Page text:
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Old 05-09-2007, 10:47 PM
marshmallow marshmallow is offline
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Has any athlete ever been paralyzed from an in-game injury?

I'm watching the Golden State vs. Utah NBA playoff game and one of the Utah Jazz players had quite the nasty spill. He was sliding backwards on his butt with his body upright and then somone else basically fell on his head. It looked really bad but he's apparently OK (he can move his limbs and everything, he's in the hospital though).

I've wondered about this before -- I'm surprised a really bad accident like this hasn't happened before in basektball (huge guys falling out of the air, no helmets, no padding, and the addition of a hardwood floor) or any other sport, really, especially rugby, soccer, or football. I think I remember a story several years ago of a high school cheerleader being severely hurt because her fellow cheerleaders didn't catch her when she was in the air and she landed poorly but I could be wrong. I don't think she was paralyzed but I don't remember much.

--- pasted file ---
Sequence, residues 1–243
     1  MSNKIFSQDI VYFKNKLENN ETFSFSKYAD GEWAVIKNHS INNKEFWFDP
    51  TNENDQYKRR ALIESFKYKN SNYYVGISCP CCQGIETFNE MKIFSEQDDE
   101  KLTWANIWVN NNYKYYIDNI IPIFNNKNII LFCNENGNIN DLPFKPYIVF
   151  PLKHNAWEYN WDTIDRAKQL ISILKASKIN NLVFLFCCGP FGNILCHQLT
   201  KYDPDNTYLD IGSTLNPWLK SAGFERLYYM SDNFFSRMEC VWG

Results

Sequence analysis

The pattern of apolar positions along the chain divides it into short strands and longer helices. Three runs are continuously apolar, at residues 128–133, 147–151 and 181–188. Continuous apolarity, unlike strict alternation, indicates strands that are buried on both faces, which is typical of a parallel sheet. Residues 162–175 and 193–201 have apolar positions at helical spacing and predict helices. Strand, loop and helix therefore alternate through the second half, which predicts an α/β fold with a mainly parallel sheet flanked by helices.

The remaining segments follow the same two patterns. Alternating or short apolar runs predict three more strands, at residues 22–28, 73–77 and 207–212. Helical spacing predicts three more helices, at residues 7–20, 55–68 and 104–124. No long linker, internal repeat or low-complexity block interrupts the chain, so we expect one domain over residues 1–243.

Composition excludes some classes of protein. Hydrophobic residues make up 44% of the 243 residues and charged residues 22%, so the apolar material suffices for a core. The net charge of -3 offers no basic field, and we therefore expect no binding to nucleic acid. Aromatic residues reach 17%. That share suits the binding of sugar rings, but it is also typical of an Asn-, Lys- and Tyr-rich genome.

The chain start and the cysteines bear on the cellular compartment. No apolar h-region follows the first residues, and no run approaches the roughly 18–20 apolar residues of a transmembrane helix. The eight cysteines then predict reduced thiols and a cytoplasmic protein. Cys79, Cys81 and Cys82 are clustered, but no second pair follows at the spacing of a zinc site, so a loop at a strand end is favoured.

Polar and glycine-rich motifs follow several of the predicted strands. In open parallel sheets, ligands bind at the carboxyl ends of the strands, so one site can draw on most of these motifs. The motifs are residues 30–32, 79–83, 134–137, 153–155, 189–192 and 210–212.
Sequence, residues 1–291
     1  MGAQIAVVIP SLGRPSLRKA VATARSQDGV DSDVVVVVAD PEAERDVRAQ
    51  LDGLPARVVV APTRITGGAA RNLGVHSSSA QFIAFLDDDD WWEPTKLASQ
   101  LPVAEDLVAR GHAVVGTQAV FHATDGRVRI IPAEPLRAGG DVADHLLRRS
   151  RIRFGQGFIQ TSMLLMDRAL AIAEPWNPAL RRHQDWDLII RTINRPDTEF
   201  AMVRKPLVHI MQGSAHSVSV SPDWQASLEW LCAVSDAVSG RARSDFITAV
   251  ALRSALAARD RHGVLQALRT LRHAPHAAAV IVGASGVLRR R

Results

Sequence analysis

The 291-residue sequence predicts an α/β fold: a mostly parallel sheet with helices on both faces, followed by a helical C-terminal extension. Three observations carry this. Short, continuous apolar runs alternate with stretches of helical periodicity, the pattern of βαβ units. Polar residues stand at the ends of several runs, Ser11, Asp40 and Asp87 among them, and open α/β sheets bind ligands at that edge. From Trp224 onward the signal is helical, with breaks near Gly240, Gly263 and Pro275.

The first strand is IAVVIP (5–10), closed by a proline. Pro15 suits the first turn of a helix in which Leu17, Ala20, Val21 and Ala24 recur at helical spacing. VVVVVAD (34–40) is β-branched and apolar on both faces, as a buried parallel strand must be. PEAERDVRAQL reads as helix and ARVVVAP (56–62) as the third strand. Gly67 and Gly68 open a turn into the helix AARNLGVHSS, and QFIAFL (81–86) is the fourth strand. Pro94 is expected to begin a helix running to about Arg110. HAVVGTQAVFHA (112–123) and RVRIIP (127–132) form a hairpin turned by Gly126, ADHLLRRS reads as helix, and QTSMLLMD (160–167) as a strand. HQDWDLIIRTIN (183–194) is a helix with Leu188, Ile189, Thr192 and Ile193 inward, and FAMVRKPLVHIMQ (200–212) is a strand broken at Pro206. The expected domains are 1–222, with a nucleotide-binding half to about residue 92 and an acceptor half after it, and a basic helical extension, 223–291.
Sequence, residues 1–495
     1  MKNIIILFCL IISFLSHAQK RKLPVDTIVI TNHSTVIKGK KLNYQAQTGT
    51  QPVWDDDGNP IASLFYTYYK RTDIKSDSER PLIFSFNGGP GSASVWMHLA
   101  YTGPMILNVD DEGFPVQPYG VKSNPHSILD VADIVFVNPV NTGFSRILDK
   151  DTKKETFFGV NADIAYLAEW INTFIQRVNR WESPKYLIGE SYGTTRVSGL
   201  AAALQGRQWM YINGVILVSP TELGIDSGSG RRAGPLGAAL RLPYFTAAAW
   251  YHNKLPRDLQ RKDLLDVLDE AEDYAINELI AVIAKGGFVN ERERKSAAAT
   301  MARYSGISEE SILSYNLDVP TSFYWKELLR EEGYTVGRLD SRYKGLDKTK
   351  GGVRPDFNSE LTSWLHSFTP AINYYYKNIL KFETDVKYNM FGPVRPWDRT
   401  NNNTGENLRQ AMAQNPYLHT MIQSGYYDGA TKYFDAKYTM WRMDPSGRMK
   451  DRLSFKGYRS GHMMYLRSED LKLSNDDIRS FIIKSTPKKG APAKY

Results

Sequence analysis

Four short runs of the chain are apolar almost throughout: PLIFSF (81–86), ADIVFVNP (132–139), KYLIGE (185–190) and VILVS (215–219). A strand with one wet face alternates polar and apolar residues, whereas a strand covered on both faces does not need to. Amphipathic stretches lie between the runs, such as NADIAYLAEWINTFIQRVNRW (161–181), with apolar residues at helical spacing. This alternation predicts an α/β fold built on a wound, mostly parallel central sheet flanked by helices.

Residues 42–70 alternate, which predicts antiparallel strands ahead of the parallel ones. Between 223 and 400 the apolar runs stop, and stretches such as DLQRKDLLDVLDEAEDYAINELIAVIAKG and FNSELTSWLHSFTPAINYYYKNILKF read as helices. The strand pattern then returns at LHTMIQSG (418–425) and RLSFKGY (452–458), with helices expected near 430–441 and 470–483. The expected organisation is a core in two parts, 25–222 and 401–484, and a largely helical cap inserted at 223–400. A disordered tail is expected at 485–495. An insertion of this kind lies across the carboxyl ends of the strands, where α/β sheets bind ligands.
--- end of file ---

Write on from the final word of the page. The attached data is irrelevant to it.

Are there any examples?
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Old 05-09-2007, 10:51 PM
Mr. Slant Mr.  Slant is offline
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Hmmm. I recall a college football player with a severe neck injury during practice, but I can't recall anything that would have been televised.
  #3  
Old 05-09-2007, 10:54 PM
Argent Towers Argent Towers is offline
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Darryl Stingley.